Seattle: Caught up in humor of the balcony exit fantasy, I chuckle while mimicking various mattress trajectories with my hand and forearm, "We'd be lucky if it just went Fffump! and nicely floated down to that grassy sliver in front of the lot near the building- you know where I'm talking about?"
Boston: Now also wrapped up in the amusing banter, "The more likely result would be a, Fffump! WHHumpP! as it first floated out away from the building and then violently back towards it somewhere around the 9th floor!"
Seattle: Absolutely overcome with the image, "I could just see some guy exiting his apartment only to get blind-sided with a mite infested mattress!"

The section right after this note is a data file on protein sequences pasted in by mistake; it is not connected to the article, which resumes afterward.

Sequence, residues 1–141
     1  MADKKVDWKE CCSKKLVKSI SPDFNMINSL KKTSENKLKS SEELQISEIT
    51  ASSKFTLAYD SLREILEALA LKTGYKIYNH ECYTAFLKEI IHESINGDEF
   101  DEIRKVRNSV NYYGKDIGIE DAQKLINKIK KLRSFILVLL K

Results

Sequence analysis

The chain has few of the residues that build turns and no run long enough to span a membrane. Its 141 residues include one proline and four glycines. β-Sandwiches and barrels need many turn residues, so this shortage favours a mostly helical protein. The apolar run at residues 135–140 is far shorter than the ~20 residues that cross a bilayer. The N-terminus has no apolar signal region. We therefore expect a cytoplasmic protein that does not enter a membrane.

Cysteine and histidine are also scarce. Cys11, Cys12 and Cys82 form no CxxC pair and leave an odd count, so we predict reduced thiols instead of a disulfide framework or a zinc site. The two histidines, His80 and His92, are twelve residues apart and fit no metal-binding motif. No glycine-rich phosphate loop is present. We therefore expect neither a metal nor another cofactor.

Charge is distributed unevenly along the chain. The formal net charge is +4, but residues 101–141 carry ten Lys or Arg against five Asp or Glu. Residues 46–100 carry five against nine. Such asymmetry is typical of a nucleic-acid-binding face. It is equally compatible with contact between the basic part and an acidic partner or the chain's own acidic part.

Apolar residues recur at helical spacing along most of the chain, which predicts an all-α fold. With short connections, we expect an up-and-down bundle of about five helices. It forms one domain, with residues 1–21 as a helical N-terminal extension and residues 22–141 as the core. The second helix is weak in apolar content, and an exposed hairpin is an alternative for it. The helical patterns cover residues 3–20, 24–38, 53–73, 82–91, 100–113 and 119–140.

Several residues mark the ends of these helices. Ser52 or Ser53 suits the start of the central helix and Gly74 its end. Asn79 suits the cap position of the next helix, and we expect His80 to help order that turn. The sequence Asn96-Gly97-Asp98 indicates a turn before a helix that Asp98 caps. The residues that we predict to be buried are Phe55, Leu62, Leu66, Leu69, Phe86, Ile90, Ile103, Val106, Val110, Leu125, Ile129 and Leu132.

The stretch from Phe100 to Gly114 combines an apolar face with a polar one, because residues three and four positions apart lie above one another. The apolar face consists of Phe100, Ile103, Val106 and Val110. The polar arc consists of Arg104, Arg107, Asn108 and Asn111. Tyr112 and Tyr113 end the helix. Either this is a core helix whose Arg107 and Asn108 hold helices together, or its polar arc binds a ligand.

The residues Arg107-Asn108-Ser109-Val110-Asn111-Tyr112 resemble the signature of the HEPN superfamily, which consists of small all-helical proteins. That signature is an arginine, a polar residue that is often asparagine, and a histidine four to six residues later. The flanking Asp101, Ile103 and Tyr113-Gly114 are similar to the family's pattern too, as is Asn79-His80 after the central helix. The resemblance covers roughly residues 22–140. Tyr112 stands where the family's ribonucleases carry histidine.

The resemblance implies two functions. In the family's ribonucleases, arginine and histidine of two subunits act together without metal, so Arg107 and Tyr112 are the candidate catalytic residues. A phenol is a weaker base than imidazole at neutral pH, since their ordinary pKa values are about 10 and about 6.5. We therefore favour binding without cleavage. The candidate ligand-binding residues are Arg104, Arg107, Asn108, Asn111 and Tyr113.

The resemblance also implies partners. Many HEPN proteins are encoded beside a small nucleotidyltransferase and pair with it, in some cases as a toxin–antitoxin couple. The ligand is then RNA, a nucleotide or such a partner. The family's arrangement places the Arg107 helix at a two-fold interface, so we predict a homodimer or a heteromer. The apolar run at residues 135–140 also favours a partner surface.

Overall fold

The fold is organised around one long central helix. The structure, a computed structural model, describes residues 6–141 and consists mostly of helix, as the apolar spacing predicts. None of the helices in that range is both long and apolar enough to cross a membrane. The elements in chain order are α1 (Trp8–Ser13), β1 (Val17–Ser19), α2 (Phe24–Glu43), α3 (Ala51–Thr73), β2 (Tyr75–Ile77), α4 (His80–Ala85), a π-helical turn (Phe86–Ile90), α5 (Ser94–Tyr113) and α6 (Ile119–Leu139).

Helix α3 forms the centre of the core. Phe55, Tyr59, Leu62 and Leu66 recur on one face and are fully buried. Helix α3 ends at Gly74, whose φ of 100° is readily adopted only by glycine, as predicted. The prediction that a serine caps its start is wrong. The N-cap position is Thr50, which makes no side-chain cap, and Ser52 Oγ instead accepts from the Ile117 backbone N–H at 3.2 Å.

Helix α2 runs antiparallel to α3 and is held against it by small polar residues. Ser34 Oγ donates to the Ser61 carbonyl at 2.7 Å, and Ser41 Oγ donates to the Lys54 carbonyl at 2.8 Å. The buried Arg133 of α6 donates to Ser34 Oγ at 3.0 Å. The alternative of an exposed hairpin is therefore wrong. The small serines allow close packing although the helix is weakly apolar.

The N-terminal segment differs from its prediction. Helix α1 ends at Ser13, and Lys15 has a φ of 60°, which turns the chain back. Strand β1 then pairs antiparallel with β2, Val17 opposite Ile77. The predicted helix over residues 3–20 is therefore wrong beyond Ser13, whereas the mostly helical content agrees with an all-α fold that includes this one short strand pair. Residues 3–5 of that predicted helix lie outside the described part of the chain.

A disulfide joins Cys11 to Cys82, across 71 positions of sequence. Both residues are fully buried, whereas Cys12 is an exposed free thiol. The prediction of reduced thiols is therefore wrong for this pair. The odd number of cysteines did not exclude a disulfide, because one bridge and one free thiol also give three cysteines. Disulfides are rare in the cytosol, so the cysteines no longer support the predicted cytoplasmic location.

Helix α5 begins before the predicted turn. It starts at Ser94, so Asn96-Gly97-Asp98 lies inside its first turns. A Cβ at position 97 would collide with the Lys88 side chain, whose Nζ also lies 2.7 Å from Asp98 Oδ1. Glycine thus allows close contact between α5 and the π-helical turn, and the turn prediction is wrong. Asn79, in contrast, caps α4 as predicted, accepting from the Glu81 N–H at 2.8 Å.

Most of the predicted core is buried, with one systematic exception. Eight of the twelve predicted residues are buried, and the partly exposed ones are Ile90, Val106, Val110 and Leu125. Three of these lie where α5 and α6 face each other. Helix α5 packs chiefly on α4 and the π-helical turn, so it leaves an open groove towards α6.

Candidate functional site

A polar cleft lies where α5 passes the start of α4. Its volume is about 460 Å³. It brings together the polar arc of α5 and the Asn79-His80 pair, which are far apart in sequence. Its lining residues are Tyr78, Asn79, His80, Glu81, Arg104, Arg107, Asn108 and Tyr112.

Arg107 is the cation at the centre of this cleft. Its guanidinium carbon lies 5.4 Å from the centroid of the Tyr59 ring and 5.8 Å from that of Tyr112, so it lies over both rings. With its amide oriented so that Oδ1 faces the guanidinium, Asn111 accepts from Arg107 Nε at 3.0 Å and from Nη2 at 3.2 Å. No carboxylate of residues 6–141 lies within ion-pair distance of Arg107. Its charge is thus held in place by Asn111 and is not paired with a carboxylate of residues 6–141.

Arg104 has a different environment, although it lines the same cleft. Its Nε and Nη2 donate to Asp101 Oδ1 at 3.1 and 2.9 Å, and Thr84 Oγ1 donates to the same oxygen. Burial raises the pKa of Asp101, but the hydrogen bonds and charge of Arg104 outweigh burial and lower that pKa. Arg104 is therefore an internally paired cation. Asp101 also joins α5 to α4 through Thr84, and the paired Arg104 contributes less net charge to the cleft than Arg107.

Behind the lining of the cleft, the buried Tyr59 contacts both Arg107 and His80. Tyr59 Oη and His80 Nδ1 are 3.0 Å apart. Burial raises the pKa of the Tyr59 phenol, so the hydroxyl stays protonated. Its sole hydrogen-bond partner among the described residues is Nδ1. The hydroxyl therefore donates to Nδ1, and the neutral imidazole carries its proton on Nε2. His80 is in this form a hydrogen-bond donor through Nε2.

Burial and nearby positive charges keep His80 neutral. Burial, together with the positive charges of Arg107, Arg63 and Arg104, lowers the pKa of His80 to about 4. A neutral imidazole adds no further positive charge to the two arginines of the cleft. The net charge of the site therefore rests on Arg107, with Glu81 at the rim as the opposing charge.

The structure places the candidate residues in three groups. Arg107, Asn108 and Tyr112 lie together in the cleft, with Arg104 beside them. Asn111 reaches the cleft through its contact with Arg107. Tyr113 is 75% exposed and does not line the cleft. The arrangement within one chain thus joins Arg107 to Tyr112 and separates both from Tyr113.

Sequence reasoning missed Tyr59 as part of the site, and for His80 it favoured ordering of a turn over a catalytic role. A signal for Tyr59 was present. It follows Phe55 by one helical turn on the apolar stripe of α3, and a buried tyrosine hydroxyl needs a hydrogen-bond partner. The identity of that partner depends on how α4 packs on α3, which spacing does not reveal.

An adequate pause, freckled with intermittent chuckles, ensues as both return to reality.
Seattle: "You know, I could lug one of the mattresses over to the out-door climbing wall, no? I mean, I can't order that crash pad until the end of the month and..."

And it is not just the mites-of-doom that have pushed this issue to the brink of action. A night from the not-to-distant past saw dinner turn into a Soju tasting session gone horribly wrong. It is fair to say that the bed took an unreasonable share of the abuse.
So, what will replace this poor excuse for a bed? Since we are all gung-ho about the Korean experience and not so gung-ho about sleeping in the same bed, we have decided that traditional matts are the way to go.


The apartment Posted by Hello


Miles is also currently teaching English. He recently arrived from Seattle. Posted by Hello


Hailing from Boston, Damian, 22, is an English teacher at a private institute in Seoul. Posted by Hello